According to a Reuters report, another major shareholder in Seven & i Holdings is pushing the company to spin off its 7-Eleven convenience store chain and wants new directors on the board as investor frustration with its conglomerate structure intensifies.
“We think the company should spin off 7-Eleven and that this could help close the valuation discount,” Artisan Partners Associate Portfolio Manager Ben Herrick told Reuters.
Artisan Partners has owned shares in Seven & i since 2019 and currently owns 1% of the company, valued at $38 million.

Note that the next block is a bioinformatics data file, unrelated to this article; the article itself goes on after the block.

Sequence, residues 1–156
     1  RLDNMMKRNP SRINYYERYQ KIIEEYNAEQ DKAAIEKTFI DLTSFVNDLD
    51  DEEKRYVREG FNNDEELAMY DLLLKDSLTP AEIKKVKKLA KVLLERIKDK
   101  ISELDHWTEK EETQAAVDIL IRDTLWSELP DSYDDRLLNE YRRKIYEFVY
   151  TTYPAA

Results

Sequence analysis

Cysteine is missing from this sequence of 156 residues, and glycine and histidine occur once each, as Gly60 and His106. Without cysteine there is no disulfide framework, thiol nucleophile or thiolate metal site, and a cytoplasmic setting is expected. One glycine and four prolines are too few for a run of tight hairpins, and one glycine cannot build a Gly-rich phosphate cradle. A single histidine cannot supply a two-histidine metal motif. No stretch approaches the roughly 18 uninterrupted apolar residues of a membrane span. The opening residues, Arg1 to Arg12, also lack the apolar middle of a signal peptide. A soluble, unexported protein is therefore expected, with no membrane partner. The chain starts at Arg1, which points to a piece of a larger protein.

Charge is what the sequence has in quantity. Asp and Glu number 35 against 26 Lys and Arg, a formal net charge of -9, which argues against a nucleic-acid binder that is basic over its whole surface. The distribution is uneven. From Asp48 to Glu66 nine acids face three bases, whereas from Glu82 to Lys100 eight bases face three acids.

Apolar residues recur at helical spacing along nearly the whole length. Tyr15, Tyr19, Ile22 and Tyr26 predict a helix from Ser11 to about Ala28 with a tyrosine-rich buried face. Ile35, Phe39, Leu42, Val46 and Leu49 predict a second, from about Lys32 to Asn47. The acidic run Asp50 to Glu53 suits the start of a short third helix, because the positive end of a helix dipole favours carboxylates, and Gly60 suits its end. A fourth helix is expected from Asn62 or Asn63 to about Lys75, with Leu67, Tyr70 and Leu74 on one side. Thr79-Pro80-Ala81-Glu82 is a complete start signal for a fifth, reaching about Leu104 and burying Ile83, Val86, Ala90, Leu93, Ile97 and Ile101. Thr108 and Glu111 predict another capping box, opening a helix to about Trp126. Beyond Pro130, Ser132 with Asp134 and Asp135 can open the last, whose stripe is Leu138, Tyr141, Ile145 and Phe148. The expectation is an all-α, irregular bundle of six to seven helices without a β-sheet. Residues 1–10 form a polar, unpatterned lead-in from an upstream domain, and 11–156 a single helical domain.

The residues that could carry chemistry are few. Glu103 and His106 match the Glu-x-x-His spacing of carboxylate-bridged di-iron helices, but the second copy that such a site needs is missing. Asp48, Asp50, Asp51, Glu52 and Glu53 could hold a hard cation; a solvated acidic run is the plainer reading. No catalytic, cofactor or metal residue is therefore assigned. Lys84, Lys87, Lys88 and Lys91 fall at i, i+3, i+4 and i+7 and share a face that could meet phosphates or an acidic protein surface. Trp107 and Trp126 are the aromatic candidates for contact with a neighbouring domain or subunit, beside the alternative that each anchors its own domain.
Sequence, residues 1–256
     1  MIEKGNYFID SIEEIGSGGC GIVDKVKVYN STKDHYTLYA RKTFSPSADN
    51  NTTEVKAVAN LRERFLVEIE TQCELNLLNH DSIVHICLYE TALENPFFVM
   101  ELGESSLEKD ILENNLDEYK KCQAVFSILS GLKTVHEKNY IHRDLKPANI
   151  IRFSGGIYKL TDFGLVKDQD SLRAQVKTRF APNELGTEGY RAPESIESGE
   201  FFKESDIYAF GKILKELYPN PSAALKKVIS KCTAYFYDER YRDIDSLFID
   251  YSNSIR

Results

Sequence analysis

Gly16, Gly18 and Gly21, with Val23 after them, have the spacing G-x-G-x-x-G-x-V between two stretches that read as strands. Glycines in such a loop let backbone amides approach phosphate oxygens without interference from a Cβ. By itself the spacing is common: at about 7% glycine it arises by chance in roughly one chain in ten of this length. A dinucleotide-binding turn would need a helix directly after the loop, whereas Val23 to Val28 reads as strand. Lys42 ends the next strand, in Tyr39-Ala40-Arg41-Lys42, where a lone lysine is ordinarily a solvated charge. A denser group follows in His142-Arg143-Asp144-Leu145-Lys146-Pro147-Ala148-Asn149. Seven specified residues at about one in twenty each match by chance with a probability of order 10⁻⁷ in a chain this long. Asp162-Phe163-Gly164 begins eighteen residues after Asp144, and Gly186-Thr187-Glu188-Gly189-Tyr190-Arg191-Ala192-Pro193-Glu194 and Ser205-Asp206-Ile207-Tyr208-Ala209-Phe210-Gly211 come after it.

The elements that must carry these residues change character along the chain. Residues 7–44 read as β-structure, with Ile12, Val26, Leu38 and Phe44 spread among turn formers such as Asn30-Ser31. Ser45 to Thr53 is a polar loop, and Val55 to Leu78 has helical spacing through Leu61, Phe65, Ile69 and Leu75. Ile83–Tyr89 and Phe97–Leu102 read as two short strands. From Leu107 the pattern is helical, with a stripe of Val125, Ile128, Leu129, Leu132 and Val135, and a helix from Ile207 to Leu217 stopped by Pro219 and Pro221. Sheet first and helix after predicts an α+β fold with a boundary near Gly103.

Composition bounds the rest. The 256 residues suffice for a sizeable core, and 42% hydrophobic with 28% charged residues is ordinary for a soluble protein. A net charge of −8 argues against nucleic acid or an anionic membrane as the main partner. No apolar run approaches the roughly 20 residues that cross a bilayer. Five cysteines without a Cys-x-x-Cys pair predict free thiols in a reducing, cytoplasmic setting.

Artisan Partners’ 7-Eleven spin off push came shortly after ValueAct started questioning Seven & i corporate strategy.
The report also stated that investors, including Artisan Partners, ValueAct and a domestic institutional investor contacted by Reuters that is not permitted to discuss its views publicly, are blaming Seven & i’s stagnant share price on management’s attachment to a conglomerate structure.
These investors just want board members who can hold management accountable for not pushing the spin off or selling the entire company.
No more information has been reported on the matter.
Based in Irving, Texas, 7-Eleven operates, franchises and/or licenses more than 13,000 stores in the U.S. and Canada. In addition to 7-Eleven stores, 7-Eleven Inc. operates and franchises Speedway, Stripes, Laredo Taco Co. and Raise the Roost Chicken and Biscuits locations. It is known for its iconic brands such as Slurpee, Big Bite and Big Gulp.